2. Michael Watts said,

    December 30, 2015 @ 8:26 pm

    I don't understand the terminology here. A dictation test is a test of whether, hearing an audio cue, you can write it down. (And the chinese term, 听写 "listen-write", strongly suggests exactly the same idea.) In concept, there is no memorization involved at all.

    What's actually going on in these tests, and why are they called "dictation tests"?

  3. Victor Mair said,

    December 30, 2015 @ 8:39 pm

    You have to memorize how to write the characters or the phrases or sentences that the teacher reads out.

  4. Bathrobe said,

    December 30, 2015 @ 9:02 pm

    It is curious that some of the resultant characters in otoro's experiment look very much like possible legitimate characters or alternative characters.

    If you look through tables of Chinese GB standard characters you're likely to come across character after character that you can't recall ever seeing and can't even begin to place the meaning of. Otoro's creations don't seem much different…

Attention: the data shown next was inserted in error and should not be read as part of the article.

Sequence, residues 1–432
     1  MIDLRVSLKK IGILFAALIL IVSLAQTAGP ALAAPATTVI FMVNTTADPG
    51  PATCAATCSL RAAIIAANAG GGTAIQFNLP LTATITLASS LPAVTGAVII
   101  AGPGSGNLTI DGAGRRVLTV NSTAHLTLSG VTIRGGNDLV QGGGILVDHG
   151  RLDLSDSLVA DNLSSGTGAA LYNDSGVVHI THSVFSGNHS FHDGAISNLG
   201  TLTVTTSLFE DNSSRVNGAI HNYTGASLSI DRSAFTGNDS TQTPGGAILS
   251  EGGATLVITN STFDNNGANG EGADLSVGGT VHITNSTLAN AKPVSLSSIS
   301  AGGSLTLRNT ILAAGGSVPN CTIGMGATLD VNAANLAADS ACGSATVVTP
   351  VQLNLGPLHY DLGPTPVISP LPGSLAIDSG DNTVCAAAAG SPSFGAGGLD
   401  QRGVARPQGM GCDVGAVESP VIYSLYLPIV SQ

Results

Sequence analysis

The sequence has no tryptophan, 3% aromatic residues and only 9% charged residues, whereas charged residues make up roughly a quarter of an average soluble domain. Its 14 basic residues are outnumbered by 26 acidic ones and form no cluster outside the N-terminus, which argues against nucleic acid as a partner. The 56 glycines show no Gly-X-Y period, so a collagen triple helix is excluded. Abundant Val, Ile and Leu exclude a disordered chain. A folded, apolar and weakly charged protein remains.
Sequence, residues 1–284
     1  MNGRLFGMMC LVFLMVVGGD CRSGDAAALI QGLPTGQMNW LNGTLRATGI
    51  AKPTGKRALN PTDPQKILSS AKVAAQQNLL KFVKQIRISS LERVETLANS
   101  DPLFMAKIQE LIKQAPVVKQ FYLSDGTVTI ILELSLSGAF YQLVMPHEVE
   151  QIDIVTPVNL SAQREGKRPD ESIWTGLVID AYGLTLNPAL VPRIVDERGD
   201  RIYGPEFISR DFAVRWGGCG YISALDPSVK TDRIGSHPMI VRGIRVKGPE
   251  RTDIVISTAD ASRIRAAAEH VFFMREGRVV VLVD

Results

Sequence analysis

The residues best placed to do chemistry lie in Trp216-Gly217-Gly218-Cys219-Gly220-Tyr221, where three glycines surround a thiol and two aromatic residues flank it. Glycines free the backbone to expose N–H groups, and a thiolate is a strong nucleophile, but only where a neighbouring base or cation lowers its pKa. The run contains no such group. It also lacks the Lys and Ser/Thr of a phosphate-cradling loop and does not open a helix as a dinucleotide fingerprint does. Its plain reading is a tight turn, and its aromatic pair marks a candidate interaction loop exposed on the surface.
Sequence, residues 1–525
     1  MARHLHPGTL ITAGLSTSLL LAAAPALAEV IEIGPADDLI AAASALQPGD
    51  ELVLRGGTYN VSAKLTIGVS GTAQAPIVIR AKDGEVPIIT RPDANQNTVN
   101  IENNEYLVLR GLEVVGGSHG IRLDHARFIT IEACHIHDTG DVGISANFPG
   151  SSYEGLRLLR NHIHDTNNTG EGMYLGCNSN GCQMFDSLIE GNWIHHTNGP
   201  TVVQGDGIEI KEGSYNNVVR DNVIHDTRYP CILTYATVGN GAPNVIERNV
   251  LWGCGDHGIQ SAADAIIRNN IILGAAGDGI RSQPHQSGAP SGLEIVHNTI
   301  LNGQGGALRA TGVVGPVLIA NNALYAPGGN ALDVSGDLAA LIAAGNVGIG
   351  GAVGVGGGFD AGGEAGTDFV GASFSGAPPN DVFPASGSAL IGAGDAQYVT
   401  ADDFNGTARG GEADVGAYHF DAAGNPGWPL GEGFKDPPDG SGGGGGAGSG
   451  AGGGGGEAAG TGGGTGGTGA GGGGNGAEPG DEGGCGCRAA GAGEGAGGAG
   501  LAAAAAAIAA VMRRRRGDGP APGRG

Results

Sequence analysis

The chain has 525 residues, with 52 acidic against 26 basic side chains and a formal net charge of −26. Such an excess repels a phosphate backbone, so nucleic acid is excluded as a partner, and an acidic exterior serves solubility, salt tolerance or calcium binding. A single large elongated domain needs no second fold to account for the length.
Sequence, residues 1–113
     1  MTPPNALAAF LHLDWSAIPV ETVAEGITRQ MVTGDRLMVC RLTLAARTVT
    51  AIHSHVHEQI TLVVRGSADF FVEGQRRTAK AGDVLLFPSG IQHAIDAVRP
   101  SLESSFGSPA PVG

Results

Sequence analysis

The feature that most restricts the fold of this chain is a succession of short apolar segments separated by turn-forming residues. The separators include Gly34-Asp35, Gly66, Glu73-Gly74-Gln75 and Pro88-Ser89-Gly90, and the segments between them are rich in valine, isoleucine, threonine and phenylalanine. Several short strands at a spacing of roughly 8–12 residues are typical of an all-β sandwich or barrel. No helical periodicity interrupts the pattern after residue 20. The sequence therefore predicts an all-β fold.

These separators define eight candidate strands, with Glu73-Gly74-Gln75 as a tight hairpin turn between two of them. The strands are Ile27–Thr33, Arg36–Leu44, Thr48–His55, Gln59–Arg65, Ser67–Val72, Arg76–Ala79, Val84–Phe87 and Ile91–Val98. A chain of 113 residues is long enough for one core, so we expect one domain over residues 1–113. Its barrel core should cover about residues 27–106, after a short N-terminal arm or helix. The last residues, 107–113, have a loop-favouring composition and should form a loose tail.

5. Victor Mair said,

    December 30, 2015 @ 11:13 pm

    And here are Japanese artists playing with kanji:

    Mesmerizing, captivating.

  6. The suffocated said,

    December 30, 2015 @ 11:53 pm

    Interestingly, in the first displayed image in the linked article, the sixth character on the first row, 揞, is NOT a fake character, but a real one that means "to cover something by hand". 《方言據》(c. 1600):「以手按物曰揞(烏感切),藏也,手覆也。」I'm not sure what topolect the book 《方言據》 is based on, but the word 揞 is definitely still in daily use in Cantonese.

  7. John said,

    December 31, 2015 @ 12:24 am

    The author seems to be describing 默寫 tests, not 聽寫 tests. In 默寫, you are indeed expected to reproduce a memorized passage of text with no prompts at all.